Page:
George Edward Pickett was born in Richmond on Sept. 13, 1825, and was graduated from West Point in 1846. During the Mexican War, he fought at Contreras and Churubusco, acquitting himself so well at Chapultepec that he was awarded the brevet of a first lieutenant. Later he served in Washington Territory and at Army posts elsewhere in the West. On June 25, 1861, he resigned his commission, and a month later, he became a colonel in the Confederate Army. Henceforth, his war experience would be almost entirely confined to Virginia. ?Peter Cliffe, THE WASHINGTON TIMES, July 25, 2006. LaSalle (she changed her name from Sallie Ann) Corbell and George Pickett wed on September 15, 1863, when George was thirty-eight and his adoring bride no more than twenty-two. This was Pickett’s second legal marriage. His first wife had died in childbirth in November 1851, and he fathered a son by an Indian woman while serving with the United States Infantry in the Pacific Northwest a few years before the Civil War. ?Gregory J. W. Urwin, Arkansas Historical Quarterly, Vol. 59, No. 2, Summer 2000. In January 1862, by then commanding a division in the Army of Northern Virginia, he was promoted to brigadier general. Pickett saw action at Gaines Mill (third of the Seven Days’ battles) on June 27, in an indecisive battle that cost Lee too many men. In October, he became a major general. He was at Fredericksburg in December when Lee thrashed an unbelievably inept Gen. Ambrose Burnside. Pickett is probably best remembered for his ill-fated charge on July 3, 1863, the third day of Gettysburg, against strongly positioned Federals on Cemetery Ridge.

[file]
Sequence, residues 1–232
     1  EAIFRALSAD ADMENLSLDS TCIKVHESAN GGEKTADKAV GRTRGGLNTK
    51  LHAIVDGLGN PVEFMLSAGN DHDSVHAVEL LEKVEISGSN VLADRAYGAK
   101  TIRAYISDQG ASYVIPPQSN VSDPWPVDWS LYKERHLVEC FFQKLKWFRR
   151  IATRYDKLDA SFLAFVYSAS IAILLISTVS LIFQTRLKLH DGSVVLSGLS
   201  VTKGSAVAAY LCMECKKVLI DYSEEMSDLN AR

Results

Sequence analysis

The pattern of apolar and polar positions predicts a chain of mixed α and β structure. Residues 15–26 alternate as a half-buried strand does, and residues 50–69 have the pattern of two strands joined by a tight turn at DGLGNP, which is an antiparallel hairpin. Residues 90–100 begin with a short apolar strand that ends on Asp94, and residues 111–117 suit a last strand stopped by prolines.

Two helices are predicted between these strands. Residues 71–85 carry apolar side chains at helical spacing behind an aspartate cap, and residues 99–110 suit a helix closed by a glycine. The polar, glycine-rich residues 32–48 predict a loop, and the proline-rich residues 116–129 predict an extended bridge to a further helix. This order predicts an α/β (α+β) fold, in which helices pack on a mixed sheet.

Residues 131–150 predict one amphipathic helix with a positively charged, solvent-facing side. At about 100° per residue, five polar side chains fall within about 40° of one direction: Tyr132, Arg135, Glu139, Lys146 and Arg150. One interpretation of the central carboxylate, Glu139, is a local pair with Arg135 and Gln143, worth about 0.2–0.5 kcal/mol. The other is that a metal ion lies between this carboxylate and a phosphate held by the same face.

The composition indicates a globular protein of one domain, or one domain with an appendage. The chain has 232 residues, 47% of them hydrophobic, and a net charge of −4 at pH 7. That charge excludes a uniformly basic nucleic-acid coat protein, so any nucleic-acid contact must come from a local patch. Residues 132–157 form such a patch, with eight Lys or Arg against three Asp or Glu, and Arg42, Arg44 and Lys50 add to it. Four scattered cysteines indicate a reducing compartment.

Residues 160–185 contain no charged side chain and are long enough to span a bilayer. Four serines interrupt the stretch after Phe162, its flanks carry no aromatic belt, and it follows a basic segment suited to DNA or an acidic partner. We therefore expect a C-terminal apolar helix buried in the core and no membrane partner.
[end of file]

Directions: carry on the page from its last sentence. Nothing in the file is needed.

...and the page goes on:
These letters were mostly written from the field and may reveal a side of military life not often written about in history books. They range from details of battles, his grief at the loss of men, and even chatty gossip.
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